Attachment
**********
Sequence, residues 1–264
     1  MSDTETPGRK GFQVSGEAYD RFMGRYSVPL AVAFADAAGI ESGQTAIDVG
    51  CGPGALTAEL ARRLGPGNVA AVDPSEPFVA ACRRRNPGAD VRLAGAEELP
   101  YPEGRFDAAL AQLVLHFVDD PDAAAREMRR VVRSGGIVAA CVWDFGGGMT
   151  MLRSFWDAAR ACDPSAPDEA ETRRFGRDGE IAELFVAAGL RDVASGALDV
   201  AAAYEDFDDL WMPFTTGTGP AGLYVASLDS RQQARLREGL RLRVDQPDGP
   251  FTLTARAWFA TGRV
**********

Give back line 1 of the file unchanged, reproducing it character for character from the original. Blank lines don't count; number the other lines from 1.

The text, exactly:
Sequence, residues 1–264